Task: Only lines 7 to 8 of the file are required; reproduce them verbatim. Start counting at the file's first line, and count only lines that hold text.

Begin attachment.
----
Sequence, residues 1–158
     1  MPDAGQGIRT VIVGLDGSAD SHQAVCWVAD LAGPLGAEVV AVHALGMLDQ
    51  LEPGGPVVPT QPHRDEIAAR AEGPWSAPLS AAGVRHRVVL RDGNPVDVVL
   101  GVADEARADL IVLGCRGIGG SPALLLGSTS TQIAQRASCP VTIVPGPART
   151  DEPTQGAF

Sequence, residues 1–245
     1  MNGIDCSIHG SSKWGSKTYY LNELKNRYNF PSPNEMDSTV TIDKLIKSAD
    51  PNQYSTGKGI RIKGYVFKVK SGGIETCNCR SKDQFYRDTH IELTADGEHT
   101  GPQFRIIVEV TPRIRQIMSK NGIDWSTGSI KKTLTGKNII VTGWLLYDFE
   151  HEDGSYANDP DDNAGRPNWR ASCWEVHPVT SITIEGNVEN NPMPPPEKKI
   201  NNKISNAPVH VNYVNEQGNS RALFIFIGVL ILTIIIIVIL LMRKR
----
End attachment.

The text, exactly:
     1  MNGIDCSIHG SSKWGSKTYY LNELKNRYNF PSPNEMDSTV TIDKLIKSAD
    51  PNQYSTGKGI RIKGYVFKVK SGGIETCNCR SKDQFYRDTH IELTADGEHT